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httpxvstyphoeus

BSD 47 12 11,874
42.0 million (month) Jul 26 2019 0.26.0(2 months ago)
4,055 15 142 MIT
1.4.1(3 months ago) Oct 06 2009 910.7 thousand (month)

httpx is a fully featured HTTP client for Python 3, which provides sync and async APIs, and support for both HTTP/1.1 and HTTP/2. It is designed to be a replacement for the popular requests package, with the added benefit of being fully compatible with Python 3's async features.

One of the main features of httpx is its support for asynchronous programming. This means that it can send multiple requests at the same time, without blocking the execution of your program. This can lead to significant performance improvements, especially when working with many small requests, or when dealing with slow or unreliable network connections.

httpx also supports sending HTTP/2 requests, which allows for more efficient use of network resources and can result in faster page loads.

One of the strengths of httpx is the possibility of working on streaming mode for the response data. This means you can process the response as it comes in, instead of waiting for the entire response to be received. This is useful when working with large files, or when you need to process the data in real-time.

Additionally, httpx provides a number of other features that are common in modern HTTP clients, such as support for sending and receiving cookies, handling redirects, and working with multipart file uploads. It also include support for several well-known authentication modules like BasicAuth, DigestAuth, and BearerAuth.

Typhoeus is a Ruby library that allows you to make parallel HTTP requests, which can greatly speed up the process of making multiple requests to different servers. It is built on top of the C library libcurl, which is known for its high performance and reliability.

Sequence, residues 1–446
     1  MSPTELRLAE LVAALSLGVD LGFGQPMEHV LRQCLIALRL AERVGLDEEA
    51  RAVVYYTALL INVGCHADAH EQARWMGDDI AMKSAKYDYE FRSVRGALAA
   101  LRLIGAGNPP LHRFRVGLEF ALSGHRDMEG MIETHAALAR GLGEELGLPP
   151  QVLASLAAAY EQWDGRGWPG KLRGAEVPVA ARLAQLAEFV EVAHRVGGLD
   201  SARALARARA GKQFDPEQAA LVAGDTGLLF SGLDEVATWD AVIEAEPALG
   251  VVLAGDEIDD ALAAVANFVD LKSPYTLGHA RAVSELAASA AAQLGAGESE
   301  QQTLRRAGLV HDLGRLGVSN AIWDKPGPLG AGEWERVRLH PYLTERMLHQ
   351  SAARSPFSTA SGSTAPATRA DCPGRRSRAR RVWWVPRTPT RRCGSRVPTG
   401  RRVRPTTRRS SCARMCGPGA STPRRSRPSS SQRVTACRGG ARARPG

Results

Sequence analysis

One of the main features of Typhoeus is its ability to make parallel requests. This means that it can send multiple requests at the same time, and wait for all of them to finish before returning the results. This can greatly reduce the time it takes to make multiple requests, as it eliminates the need to wait for each request to complete before sending the next one.

In addition to its parallelism feature, Typhoeus also provides a convenient and easy-to-use Ruby interface for making HTTP requests. It supports all of the common HTTP methods (GET, POST, PUT, DELETE, etc.) and allows you to set various request options, such as headers, timeouts, and authentication. It also supports streaming responses, which allows you to process large responses piece by piece, rather than loading the entire response into memory at once.

Typhoeus is also supports HTTP/2 protocol which provides faster load times and reduced network usage. It also supports streaming which is an essential feature for large data transfer.

Typhoeus is well-documented, actively maintained, and has a large and active community of users. It is widely used in the Ruby ecosystem and is a popular choice for building high-performance web scraping and data-gathering applications.